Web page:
Marketing communications should be purposeful. For each piece you produce, there must be a goal, a step you want your reader to take.
You see a woman walking. Is she wearing a workout t-shirt and shorts, casual but nice clothing, or a business suit? Based on what she’s wearing, you can guess right away what purpose her walk has.
If she’s wearing the t-shirt and shorts, you probably assume she’s walking for exercise. Casual clothing? A little harder to guess, but maybe she’s doing some shopping, new to the area and having a look around, or just grabbing some fresh air. The business suit walker is likely either on the way to or from work.
Other clues probably give you a more precise idea of what her goal might be. Where is she? Busy street or residential area? What shoes is she wearing? Sneakers or dress shoes? What time of day is it? Early morning? Mid afternoon?
We’re pretty good at making assumptions based on a quick glance. It doesn’t take long for a lot of information to get funnelled down into one impression.
That’s why it’s absolutely essential to know what your goal is for each communications item. Because if you don’t know and you don’t make it clear to your audience, they will come to their own conclusions. So you can make it easy for them to draw the conclusion you intend, or you can have them use extraneous cues to draw their own.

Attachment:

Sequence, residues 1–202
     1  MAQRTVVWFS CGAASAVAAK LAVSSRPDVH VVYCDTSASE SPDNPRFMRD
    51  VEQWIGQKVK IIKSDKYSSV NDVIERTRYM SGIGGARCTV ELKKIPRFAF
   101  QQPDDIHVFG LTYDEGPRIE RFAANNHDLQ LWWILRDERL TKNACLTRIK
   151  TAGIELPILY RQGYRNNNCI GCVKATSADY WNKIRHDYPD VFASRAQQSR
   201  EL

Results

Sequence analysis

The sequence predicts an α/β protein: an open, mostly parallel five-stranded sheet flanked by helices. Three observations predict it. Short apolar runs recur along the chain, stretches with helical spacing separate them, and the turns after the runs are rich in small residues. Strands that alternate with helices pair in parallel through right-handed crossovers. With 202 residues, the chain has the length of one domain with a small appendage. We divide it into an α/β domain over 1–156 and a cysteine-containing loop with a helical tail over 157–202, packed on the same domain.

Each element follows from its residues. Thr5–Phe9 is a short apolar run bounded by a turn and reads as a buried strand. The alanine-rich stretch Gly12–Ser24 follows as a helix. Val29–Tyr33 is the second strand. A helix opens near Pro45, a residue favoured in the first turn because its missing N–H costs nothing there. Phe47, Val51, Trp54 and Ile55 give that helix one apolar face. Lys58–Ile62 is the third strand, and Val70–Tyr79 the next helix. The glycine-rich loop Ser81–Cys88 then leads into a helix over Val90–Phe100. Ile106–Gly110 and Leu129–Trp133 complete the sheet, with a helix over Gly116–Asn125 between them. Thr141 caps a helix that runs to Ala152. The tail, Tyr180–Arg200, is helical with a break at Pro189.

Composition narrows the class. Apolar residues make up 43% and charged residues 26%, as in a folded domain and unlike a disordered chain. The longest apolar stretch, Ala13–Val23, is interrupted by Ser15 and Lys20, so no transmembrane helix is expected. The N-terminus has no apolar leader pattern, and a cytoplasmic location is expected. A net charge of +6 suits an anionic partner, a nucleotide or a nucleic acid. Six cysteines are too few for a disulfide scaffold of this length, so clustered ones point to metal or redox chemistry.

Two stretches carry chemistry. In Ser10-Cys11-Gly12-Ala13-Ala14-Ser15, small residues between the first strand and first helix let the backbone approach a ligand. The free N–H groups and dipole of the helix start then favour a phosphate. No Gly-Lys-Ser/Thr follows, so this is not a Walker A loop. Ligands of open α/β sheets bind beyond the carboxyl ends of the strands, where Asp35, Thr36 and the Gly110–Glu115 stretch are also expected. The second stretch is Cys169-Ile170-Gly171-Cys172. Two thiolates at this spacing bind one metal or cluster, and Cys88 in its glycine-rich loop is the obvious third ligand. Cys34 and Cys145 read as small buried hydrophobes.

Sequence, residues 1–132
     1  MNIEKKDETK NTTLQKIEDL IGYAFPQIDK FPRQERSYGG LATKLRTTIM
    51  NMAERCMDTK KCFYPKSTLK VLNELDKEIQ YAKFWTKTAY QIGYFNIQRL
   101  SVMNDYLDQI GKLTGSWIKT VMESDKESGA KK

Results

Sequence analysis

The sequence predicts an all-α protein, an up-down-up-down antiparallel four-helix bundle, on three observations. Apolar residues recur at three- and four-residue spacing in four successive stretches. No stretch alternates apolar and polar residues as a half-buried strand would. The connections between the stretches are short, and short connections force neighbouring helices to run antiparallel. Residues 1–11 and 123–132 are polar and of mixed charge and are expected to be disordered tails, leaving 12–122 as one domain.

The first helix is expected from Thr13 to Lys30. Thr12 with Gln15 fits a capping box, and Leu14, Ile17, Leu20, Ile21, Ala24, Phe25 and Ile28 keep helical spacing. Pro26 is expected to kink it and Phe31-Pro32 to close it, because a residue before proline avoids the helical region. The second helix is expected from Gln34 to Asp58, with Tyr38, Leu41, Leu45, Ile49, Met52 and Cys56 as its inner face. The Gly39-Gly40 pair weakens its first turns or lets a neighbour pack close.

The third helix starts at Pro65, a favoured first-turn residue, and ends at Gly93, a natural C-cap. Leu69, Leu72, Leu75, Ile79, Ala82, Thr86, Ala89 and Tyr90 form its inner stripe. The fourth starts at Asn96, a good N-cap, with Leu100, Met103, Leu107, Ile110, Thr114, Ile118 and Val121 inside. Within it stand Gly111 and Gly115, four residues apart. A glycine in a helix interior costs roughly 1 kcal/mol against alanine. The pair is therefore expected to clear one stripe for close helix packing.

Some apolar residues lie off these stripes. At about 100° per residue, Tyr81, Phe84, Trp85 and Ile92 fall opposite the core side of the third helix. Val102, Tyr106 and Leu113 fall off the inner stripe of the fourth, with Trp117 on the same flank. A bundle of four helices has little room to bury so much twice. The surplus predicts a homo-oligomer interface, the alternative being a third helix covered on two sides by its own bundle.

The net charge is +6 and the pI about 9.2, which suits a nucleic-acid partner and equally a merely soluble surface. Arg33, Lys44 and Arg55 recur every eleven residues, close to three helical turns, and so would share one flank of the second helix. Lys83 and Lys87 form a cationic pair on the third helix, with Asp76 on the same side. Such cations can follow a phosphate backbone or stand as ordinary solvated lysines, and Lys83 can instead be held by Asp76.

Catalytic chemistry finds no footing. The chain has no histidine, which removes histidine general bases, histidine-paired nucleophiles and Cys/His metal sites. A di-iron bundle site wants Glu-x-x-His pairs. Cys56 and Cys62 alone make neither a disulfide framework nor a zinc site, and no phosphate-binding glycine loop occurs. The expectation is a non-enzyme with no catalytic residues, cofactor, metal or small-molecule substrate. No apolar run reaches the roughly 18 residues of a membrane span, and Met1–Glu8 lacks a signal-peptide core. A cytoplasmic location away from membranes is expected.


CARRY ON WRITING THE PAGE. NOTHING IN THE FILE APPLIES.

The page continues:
Goals don’t have to be elaborate or far-reaching
In fact, they should be simple and singular. The question to ask?
What do I want to happen after someone reads my e-mail, newsletter, landing page, home page?
- Sign up for a list
- Click a link for more information
- Call a phone number
- Make a comment
- Order a book
- Send a tweet
- Fill in a form
- Download a document
- Join a club
- Donate some money
- Make an appointment
This list of examples is far from exhaustive but each item is very specific. Choose one thing for your reader to do, then make sure the copy is written to support that single, simple purpose.
When you know your purpose, and the message is clear, it improves the chances that the reader will, in fact, follow through and do exactly what you want him to do.